Originally Posted by KidCharlemagne View Post
Whoops one other question - when the frequency exciting the caesium is off, how does the clock determine whether the quartz tuning fork thing is vibrating too fast or too slow? Thanks
The exact mechanism is where most of the complexity of the clock comes in, but the same page explains that the microwave oscillator frequency is swept across a narrow range (producing a modulated signal) and adjusted via feedback so as to maximize the output current.

Last edited by DPRK; 09-18-2019 at 01:49 PM.
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Old 09-18-2019, 06:16 PM
KidCharlemagne is online now
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Quote:
Originally Posted by DPRK View Post
This page describes an old-school caesium clock where the caesium is vaporized in an oven, then escapes from there through a hole, separated (according to energy state) by an electromagnet, zapped by microwaves in a cavity, divided up again by magnets (so you get only atoms that have changed from the lower to the higher energy state), ionized by a hot wire, and finally selected by a mass spectrometer onto the detector. So, it's not getting random crap straight from the oven, but rather a carefully prepared beam of atoms that have undergone the right state transition.


The exact mechanism is where most of the complexity of the clock comes in, but the same page explains that the microwave oscillator frequency is swept across a narrow range (producing a modulated signal) and adjusted via feedback so as to maximize the output current.
The magnets are only separating excited from unexcited atoms as far as I can tell, not regulating the overall release from the source. The first set filters out any previously excited atoms - which makes sense since you want to start with unexcited atoms, and the second set filters out the unexcited atoms so that only the excited ones get "counted." At least that's my reading of it. But what regulates the number of atoms leaving the oven in the first place? The reason that seemed important to me is that it appears it isn't an all/nothing prospect for the atoms to be excited (perhaps because of the wiggle room in absorption frequency?) - meaning that at a frequency slightly off from the ideal, some of the atoms will still get excited which would mean you'd have to have a constant stream of atoms to accurately detect the percentage that are excited (unless it doesn't matter for the reasons in my OP).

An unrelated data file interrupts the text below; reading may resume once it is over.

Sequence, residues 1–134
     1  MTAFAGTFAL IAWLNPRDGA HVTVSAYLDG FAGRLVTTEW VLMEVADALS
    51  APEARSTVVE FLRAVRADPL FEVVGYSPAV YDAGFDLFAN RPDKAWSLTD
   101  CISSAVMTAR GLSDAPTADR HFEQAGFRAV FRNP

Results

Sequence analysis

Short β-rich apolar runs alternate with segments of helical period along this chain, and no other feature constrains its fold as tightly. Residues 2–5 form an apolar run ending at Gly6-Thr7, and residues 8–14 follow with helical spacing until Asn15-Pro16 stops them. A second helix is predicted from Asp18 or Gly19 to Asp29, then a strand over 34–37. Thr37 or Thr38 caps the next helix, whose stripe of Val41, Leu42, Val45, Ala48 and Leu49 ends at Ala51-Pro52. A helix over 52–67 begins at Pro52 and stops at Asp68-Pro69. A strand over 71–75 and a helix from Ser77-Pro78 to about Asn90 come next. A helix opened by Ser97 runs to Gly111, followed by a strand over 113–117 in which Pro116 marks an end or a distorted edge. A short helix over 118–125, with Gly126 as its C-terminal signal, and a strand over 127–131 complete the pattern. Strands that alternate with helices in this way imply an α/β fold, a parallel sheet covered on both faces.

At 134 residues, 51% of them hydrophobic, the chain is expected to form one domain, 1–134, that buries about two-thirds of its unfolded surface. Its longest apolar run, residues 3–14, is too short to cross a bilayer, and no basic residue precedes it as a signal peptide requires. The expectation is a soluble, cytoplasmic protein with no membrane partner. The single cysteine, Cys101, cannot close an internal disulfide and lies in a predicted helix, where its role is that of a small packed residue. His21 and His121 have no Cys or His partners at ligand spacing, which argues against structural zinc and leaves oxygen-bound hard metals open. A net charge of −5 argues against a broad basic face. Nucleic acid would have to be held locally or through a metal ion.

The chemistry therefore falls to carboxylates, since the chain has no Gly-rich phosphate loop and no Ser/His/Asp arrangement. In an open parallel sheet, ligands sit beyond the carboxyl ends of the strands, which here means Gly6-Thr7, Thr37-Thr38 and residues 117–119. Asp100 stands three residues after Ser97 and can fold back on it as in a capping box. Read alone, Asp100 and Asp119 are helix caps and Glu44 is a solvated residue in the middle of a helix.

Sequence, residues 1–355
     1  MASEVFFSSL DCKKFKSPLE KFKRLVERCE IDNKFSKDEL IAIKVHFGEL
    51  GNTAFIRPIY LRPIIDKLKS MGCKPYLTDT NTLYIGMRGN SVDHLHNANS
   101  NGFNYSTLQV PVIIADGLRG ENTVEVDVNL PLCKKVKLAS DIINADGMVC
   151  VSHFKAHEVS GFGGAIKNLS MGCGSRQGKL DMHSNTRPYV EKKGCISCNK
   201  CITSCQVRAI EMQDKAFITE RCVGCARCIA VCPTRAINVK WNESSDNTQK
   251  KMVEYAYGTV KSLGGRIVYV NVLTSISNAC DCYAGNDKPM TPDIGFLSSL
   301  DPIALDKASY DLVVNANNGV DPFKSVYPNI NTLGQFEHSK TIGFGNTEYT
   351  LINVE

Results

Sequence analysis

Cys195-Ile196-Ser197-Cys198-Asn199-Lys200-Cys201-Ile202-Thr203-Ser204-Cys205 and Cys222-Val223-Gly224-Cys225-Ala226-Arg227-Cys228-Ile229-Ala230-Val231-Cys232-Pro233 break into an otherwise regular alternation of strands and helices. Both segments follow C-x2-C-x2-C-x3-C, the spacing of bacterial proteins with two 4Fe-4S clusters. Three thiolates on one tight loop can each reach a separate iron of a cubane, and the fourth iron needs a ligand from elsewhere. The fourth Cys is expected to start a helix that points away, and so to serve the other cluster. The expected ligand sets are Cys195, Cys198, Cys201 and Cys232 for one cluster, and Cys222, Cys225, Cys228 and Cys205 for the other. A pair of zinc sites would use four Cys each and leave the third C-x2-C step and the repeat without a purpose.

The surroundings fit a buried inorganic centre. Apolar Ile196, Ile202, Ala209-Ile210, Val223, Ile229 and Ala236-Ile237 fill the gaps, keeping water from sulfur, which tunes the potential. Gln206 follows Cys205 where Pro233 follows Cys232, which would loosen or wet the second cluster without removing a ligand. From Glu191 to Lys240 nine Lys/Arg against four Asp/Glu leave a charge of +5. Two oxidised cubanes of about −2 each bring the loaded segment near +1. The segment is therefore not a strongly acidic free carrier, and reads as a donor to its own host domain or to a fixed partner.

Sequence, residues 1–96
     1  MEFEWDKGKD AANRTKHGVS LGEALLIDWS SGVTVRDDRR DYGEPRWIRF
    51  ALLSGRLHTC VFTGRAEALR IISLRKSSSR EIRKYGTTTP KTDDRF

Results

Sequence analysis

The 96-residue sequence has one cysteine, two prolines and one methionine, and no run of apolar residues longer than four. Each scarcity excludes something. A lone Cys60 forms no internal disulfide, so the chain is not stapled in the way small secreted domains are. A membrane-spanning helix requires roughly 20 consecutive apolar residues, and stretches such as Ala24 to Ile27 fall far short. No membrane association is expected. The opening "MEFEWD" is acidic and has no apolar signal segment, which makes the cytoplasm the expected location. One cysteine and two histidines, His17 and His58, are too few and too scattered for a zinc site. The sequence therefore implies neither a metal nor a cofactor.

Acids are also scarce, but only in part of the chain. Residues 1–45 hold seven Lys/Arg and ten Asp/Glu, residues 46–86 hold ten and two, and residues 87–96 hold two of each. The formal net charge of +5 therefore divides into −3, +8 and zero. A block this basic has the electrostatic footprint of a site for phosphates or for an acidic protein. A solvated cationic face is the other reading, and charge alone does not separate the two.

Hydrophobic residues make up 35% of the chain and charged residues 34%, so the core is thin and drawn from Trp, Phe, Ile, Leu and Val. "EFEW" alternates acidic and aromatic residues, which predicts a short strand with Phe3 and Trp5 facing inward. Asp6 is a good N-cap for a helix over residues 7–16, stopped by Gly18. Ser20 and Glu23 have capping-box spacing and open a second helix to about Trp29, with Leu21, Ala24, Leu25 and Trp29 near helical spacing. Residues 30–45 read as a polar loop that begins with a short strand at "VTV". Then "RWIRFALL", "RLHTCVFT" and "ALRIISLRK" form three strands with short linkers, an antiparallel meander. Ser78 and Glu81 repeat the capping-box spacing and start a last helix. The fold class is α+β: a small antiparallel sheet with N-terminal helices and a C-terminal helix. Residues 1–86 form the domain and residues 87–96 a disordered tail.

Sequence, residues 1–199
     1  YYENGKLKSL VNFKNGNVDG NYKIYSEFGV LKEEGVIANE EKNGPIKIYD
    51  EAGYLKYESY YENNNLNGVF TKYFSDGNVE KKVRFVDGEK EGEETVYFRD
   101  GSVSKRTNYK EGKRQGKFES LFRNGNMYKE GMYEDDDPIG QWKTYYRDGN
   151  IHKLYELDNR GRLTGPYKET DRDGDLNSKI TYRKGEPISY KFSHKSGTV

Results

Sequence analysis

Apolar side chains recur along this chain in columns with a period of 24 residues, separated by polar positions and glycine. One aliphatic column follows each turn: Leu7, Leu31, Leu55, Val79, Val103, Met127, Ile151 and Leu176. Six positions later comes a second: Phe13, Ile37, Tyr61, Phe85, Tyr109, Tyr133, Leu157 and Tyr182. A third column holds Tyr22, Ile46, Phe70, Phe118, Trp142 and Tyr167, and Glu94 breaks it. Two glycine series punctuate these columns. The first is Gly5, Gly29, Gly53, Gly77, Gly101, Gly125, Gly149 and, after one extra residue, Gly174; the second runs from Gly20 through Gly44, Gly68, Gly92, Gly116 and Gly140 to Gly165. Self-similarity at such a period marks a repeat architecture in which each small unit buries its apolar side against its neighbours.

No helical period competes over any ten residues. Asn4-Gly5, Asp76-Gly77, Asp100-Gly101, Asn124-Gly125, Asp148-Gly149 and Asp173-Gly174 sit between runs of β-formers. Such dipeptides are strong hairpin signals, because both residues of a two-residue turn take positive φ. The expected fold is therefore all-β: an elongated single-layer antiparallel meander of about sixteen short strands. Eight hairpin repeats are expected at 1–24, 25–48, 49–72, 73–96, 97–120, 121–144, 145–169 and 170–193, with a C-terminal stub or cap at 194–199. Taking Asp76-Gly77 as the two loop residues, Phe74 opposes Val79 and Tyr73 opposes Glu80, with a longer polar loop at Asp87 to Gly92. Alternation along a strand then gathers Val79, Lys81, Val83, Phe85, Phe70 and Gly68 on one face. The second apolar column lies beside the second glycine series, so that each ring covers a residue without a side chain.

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Old 09-18-2019, 07:00 PM
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Quote:
Originally Posted by KidCharlemagne View Post
The magnets are only separating excited from unexcited atoms as far as I can tell, not regulating the overall release from the source. The first set filters out any previously excited atoms - which makes sense since you want to start with unexcited atoms, and the second set filters out the unexcited atoms so that only the excited ones get "counted." At least that's my reading of it. But what regulates the number of atoms leaving the oven in the first place? The reason that seemed important to me is that it appears it isn't an all/nothing prospect for the atoms to be excited (perhaps because of the wiggle room in absorption frequency?) - meaning that at a frequency slightly off from the ideal, some of the atoms will still get excited which would mean you'd have to have a constant stream of atoms to accurately detect the percentage that are excited (unless it doesn't matter for the reasons in my OP).
In real life, you don't get a stable signal from this type of clock as soon as you turn it on; it takes days, at the very least, for things to settle down. The caesium oven has a thermistor so you can level it off at the right temperature, and similarly components like the ion pump and hot-wire ionizer have a certain specification. Presumably, after a while the system is in a steady state, including the number of atoms in your beam, but ISTM that the exact number is not important (just that the beam density be low enough to minimize self-interaction) and not directly measured.

You are correct that the resonance is not infinitely sharp; the line width is 450 Hz or so. That still gives you a pretty sharp "peak" that your electronics can lock on to.